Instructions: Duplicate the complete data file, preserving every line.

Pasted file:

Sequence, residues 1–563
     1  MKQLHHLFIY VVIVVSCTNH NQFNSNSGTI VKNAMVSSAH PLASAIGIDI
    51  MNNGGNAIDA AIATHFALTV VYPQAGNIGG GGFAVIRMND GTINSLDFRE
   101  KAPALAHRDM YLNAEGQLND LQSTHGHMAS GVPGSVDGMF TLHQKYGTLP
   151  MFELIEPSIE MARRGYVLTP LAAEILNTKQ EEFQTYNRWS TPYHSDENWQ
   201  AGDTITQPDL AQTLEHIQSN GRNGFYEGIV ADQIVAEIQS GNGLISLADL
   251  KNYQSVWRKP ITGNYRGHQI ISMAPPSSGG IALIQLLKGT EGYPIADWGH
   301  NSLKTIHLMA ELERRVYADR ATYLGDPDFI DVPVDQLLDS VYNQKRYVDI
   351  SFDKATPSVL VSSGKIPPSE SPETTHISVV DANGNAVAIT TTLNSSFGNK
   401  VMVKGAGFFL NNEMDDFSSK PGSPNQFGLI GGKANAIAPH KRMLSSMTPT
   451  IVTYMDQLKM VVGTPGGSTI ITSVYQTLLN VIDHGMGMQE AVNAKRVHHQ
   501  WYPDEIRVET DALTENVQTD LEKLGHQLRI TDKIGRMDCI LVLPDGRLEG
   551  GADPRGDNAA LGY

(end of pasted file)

Sequence, residues 1–563
     1  MKQLHHLFIY VVIVVSCTNH NQFNSNSGTI VKNAMVSSAH PLASAIGIDI
    51  MNNGGNAIDA AIATHFALTV VYPQAGNIGG GGFAVIRMND GTINSLDFRE
   101  KAPALAHRDM YLNAEGQLND LQSTHGHMAS GVPGSVDGMF TLHQKYGTLP
   151  MFELIEPSIE MARRGYVLTP LAAEILNTKQ EEFQTYNRWS TPYHSDENWQ
   201  AGDTITQPDL AQTLEHIQSN GRNGFYEGIV ADQIVAEIQS GNGLISLADL
   251  KNYQSVWRKP ITGNYRGHQI ISMAPPSSGG IALIQLLKGT EGYPIADWGH
   301  NSLKTIHLMA ELERRVYADR ATYLGDPDFI DVPVDQLLDS VYNQKRYVDI
   351  SFDKATPSVL VSSGKIPPSE SPETTHISVV DANGNAVAIT TTLNSSFGNK
   401  VMVKGAGFFL NNEMDDFSSK PGSPNQFGLI GGKANAIAPH KRMLSSMTPT
   451  IVTYMDQLKM VVGTPGGSTI ITSVYQTLLN VIDHGMGMQE AVNAKRVHHQ
   501  WYPDEIRVET DALTENVQTD LEKLGHQLRI TDKIGRMDCI LVLPDGRLEG
   551  GADPRGDNAA LGY